And they are cognates to the Polish macie, jesteście, the 2pl past tense suffix -(li/ły)ście and 2pl present tense suffix -cie respectively, which despite the spelling are even more soft.I'd like to add for Olaszinhok that -t- in máte and jste/ste (i.e. before the vowel e) are pronounced a bit differently in Slovak and in Czech. In Slovak it is "softer", something like in tuesday or the Hungarian ty.
Which is kind of interesting, because Ukrainians pronounce these suffixes hard as far as I can remember. At least in the standard language, I don't know about the local dialects.Yes, it is. Further more, the 2nd pers. pl. ending -те in Russian is identical to the Slovak 2nd pers. pl. ending -te.
This deserves an external link to see the consequences - Biblical Czech, based on the Bible of Kralice1. Before the creation of the standard Slovak langage in the 19th century, the Czech language (the so called “biblical Czech”) was used among Slovaks as kind of “literal” or written language, especially - but not exclusively - for religious purposes (Bible, religious texts, etc.).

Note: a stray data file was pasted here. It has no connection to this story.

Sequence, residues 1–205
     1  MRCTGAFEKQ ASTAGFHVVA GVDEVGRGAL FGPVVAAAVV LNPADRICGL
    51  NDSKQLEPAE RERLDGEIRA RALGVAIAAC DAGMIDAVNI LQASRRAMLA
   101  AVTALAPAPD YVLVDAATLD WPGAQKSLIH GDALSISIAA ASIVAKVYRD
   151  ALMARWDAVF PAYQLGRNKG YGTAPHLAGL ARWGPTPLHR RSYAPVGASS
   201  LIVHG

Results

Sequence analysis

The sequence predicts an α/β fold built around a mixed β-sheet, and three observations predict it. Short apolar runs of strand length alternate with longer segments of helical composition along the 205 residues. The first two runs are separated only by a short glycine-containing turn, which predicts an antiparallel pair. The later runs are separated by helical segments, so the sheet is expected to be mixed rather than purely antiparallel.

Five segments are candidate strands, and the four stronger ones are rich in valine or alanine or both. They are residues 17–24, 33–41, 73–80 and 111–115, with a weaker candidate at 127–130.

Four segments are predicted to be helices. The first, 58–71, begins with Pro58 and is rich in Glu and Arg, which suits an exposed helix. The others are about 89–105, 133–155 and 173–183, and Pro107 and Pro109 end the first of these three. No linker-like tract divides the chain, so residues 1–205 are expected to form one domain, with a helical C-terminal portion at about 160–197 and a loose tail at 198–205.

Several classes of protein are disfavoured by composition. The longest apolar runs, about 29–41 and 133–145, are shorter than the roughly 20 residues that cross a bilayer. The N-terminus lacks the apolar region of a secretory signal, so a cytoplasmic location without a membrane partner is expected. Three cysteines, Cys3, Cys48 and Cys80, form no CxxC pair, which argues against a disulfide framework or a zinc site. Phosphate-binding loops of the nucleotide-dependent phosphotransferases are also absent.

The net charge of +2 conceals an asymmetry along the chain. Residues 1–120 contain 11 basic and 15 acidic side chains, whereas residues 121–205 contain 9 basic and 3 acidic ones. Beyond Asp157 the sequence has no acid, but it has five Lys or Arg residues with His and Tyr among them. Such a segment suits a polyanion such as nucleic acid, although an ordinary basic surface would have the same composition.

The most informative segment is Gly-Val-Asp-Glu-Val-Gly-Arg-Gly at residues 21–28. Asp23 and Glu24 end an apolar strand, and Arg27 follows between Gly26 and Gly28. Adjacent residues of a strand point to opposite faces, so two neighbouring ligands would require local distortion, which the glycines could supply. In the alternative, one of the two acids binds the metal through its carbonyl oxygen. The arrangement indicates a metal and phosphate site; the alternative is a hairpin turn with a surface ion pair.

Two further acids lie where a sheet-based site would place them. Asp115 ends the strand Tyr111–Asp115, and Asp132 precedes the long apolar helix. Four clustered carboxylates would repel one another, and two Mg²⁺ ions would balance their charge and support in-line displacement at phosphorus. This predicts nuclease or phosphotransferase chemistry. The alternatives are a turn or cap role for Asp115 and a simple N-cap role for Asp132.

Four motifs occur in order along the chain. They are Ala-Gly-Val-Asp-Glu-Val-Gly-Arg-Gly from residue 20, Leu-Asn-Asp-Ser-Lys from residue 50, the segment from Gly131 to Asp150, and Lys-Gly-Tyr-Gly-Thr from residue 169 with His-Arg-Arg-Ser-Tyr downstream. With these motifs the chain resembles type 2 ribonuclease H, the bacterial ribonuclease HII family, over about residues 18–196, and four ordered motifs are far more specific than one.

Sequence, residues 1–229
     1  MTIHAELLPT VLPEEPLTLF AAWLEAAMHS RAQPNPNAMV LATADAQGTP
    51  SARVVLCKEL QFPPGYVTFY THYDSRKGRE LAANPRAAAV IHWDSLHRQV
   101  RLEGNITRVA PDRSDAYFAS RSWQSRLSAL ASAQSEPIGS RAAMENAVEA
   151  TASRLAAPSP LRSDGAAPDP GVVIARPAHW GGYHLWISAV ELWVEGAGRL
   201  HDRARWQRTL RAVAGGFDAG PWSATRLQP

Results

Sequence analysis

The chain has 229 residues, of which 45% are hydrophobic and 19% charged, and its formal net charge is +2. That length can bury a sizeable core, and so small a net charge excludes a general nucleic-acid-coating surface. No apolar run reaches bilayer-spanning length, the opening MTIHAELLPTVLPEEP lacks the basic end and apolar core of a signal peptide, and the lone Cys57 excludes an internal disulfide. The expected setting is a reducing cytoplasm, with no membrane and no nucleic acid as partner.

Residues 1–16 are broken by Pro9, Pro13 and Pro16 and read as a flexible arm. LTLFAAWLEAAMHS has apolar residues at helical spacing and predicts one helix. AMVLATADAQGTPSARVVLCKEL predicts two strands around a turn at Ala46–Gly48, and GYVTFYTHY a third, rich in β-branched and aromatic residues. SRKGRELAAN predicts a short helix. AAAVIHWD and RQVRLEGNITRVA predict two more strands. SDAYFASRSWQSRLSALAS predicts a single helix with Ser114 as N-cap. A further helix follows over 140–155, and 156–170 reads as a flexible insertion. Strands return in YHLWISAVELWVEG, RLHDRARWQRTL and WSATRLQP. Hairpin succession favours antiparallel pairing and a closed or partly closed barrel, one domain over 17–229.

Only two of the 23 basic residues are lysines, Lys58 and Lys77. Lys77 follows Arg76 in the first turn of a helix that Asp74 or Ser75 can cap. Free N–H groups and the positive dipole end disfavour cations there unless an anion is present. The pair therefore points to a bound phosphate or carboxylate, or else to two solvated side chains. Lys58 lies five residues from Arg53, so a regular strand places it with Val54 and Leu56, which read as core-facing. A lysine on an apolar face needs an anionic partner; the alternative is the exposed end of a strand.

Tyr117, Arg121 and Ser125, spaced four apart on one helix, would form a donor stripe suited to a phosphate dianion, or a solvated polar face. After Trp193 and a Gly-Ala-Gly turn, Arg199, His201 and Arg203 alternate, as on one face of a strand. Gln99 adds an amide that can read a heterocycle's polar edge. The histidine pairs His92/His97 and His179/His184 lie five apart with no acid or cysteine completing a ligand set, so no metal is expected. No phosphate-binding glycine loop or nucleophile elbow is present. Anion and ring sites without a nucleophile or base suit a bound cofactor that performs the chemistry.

There dialects in the West of Slovakia that too pronounce them hard. Especially the Trnava region (21a) is known for this.Which is kind of interesting, because Ukrainians pronounce these suffixes hard as far as I can remember. At least in the standard language, I don't know about the local dialects.
And Ukraine is somewhat closer to Slovakia than Russia.
Not too apposite example, both verbs exist in both languages: jmenovat (commonly pronounced menovat) ~ menovať, volat ~ volať.Because even the most common question the hosts ask: What's your name - Ako sa volaš/Jak se jmenuješ, is different, but everyone seems to understand it.